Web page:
We’ve lost our collective marbles over sexual offences. What’s been junked is any notion that women might be held to account for their behaviour, not just by acting prudently but by taking some responsibility for ambiguous sexual encounters. The ferocious reaction to such a suggestion has so cowed police and prosecutors that the justice system has become a statistical battleground.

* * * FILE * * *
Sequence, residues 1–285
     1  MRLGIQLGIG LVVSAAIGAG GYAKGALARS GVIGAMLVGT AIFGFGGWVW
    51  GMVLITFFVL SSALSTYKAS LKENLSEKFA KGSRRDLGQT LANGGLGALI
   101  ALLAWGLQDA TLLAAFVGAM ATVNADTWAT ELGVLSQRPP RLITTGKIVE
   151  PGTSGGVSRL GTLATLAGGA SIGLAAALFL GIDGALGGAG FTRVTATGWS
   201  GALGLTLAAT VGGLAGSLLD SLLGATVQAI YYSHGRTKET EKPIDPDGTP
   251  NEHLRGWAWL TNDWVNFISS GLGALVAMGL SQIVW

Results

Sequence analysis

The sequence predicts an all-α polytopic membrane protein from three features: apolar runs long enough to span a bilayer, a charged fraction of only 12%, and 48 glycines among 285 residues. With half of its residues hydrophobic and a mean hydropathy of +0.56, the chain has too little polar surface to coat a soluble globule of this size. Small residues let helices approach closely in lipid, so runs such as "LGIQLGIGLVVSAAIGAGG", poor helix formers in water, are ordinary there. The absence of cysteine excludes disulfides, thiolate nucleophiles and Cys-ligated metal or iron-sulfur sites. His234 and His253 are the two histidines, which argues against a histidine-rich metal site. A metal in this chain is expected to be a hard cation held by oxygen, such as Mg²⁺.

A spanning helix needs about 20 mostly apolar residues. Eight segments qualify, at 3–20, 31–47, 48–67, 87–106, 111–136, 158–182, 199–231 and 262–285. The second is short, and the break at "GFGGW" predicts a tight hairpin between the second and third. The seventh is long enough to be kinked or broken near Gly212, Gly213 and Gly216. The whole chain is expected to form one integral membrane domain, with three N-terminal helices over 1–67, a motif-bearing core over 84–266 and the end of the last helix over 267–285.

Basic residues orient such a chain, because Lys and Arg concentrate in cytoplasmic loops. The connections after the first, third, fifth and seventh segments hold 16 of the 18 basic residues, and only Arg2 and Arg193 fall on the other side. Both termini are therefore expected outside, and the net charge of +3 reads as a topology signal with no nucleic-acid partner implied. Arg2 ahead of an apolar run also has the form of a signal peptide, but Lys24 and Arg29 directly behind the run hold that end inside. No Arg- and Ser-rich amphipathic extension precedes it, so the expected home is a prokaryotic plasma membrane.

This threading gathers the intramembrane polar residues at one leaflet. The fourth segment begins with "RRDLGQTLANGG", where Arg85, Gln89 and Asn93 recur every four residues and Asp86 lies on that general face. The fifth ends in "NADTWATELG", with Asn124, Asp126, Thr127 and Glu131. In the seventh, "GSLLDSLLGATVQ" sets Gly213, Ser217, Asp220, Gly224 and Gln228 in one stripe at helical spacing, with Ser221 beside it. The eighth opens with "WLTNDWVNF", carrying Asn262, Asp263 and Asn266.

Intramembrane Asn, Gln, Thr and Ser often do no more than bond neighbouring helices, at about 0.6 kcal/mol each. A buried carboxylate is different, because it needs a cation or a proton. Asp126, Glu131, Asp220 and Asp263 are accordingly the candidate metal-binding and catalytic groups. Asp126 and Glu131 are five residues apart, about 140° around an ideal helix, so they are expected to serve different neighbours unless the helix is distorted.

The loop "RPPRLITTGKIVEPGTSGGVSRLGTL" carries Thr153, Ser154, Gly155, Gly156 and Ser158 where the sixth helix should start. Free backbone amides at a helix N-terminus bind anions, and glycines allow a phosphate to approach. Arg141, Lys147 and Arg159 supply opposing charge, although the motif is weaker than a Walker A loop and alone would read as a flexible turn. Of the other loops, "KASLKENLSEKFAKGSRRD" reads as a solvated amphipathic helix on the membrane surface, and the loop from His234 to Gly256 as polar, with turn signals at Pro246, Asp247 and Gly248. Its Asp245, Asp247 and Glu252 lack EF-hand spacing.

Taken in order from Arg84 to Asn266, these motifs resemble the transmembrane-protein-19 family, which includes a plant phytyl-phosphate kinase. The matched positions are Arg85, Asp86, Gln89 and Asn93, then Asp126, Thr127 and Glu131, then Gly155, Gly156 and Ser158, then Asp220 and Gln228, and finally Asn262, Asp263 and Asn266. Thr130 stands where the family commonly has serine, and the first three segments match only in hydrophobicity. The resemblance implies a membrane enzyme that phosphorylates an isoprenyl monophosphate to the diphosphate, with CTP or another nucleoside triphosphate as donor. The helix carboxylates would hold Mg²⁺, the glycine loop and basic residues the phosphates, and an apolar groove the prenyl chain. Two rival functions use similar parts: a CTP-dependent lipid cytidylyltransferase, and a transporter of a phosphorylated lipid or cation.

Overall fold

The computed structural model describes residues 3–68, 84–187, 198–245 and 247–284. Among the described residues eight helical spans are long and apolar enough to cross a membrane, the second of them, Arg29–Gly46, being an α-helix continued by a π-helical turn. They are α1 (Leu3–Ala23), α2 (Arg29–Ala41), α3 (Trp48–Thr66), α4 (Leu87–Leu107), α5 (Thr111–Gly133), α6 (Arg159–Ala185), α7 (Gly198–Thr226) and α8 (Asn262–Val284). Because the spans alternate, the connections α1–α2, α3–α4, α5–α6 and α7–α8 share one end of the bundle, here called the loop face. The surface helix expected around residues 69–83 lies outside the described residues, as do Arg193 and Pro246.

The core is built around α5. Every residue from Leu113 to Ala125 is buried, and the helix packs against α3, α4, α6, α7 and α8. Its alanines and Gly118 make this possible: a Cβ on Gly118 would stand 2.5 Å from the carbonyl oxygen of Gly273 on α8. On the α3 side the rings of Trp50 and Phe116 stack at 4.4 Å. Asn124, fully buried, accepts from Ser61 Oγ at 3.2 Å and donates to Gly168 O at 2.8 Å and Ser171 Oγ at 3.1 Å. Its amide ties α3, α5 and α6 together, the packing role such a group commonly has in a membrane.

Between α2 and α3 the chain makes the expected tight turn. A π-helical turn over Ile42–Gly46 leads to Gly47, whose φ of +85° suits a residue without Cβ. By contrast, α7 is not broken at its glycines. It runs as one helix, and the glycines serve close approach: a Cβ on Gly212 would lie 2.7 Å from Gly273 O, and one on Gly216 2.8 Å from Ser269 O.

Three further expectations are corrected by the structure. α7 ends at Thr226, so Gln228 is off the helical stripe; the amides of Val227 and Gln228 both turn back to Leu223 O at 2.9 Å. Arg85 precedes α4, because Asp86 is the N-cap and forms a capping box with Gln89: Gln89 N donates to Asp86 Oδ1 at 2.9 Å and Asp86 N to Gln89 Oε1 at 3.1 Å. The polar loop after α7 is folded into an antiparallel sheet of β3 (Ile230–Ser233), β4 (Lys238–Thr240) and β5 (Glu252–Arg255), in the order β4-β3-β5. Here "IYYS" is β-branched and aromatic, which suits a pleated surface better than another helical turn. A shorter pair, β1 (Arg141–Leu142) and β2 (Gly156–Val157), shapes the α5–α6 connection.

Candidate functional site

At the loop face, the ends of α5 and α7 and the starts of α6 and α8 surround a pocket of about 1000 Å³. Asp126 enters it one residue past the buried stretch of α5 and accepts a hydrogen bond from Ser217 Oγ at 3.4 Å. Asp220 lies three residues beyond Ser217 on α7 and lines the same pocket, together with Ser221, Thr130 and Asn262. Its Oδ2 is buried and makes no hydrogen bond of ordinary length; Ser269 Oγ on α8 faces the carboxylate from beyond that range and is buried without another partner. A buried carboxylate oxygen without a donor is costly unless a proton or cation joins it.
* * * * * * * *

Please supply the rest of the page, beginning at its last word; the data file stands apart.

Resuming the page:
The real reason there is such a hue and cry over sexual offences is the collapse of moral responsibility in our non-judgmental sexual free-for-all, in which victimhood is the ultimate get-out-of jail free card. Paedophilia and rape have become exaggerated to provide a fig-leaf of virtue for a society that has otherwise abolished shame and blame. The result, as we are engulfed by a tsunami of sex-crime claims, is the eclipse of the presumption of innocence along with justice and truth itself.
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